A few days ago, while I was discussing a rather critical business solution with one of my colleagues, I noticed that there was a strange circularity to our conversation. I kept trying to convince him of the importance of deploying such a solution,but I seemed to fail at eliciting a sense of urgency or enthusiasm from him, even though he did not disagree with me.
It might have been slight vexation on my part when I decided to break the impasse with the question, “So, what’s stopping us from doing this?”
It was then that I discovered that he had concerns about how to go about the task while I was focusing the conversation on why the job mattered.
The communication fog was lifted. We had identified the roadblock.
We often assume that the best way to communicate anything — an idea, a challenge, a solution — is to perfect the art of explaining it to the listener to provide clarity.
However, we tend to overlook the possibility that the questions we are trying to answer are sometimes not the ones that exist in the others’ minds. This could render our efforts at providing clarity, completely irrelevant.
What might be another effective way to communicate, then?
Perhaps, asking questions?
Knowing the answers will help you in school. Knowing how to question will get you through life- Journalist and speaker Warren Berger — ‘A more beautiful Question.’
It turns out that I am not alone in my quest for questions.
A few months ago, the practice of brainstorming gained a fraught reputation, when technology pioneer and author of the book, “How To Fly A Horse”, Kevin Ashton kicked up a storm with his blog post provocatively titled “Why You Shouldn’t Bother Having Brainstorming Meetings”.
Brainstorming, of course, is a highly popular practice; as he noted, it’s the “go-to approach” for all types of organizations. A typical brainstorming session gathers groups of people to focus on collecting original, creative ideas on a set topic. But this apparently benign approach, Ashton goes on to argue, actually gives rise to ideas that are anything but original. That’s because the focus is on churning out answers.
But what if brainstorms were designed to generate questions, not just ideas for answers? It’s an approach that’s garnering support among many advocates around the world.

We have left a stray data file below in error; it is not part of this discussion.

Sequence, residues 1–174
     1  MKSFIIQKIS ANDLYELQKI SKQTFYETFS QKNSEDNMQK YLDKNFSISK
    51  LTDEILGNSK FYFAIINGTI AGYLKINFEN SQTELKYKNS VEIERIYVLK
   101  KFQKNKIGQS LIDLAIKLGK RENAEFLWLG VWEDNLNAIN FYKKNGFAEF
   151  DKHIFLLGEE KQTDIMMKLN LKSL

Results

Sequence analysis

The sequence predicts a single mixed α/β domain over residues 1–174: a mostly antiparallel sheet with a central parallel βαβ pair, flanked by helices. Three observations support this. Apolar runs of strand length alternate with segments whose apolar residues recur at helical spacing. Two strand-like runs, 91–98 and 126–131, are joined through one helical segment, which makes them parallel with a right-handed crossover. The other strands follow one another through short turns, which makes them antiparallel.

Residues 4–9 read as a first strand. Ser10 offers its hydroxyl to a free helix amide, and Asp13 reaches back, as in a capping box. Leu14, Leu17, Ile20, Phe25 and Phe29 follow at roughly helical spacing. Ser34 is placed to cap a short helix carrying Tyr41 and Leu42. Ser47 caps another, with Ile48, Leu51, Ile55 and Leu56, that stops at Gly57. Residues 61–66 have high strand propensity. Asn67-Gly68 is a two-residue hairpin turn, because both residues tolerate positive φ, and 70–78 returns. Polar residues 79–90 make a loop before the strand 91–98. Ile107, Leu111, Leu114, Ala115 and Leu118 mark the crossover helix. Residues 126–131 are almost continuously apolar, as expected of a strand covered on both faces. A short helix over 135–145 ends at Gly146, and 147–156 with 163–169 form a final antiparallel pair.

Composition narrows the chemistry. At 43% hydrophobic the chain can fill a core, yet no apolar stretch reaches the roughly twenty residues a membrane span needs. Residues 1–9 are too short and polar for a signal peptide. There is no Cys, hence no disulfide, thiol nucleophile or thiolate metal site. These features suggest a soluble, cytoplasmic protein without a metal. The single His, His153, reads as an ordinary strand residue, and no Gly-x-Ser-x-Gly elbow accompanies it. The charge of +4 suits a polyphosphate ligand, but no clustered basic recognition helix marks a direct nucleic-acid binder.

The latest champion of this approach is Matthew E. May, author of the book, “Winning the Brain Game”. His book describes a question-generation process called “frame-storming,” which uses questions to help in framing the challenge at hand. Several people have found it to be more efficient than traditional brainstorming in sparking fresh thinking in some situations.
What if we use questions as a method to drive home the thought behind an idea, to help the listener generate answers, instead of to generate questions?
Guiding people into answers through relevant questions surrounding a topic may seem counter-intuitive. It is more natural to try and get people to see the answers when we have them worked out. However, this question-based approach can lead to greater clarity than the usual method of having them ask questions for improved clarity.
It also helps to remember that a question triggers our brains to start serving up answers, almost on autopilot. The answers almost always reinforce the assumptions behind the questions.
Naturally, at this point how the question is formulated assumes paramount significance. A question could spark random divergence from the actual problem by introducing more assumptions, or could become a harbinger for radical solutions or ideas by shattering existing assumptions. Either way, the design of a question definitely begs a lot of attention.
For ages, questions have been at the heart of innovations in science, philosophy, medicine — why not extend the power of the question as a tool for sharpening and deepening communication?
About the Author
Shivakumar Ganesan (or as well lovingly call him Shivku) is the co-founder and CEO of Exotel. At work, Shivku is usually found cracking PJs and disrupting people from doing their job. A self-proclaimed foodie, he is the best person to get the local food scene advice from, irrespective of where you are travelling to.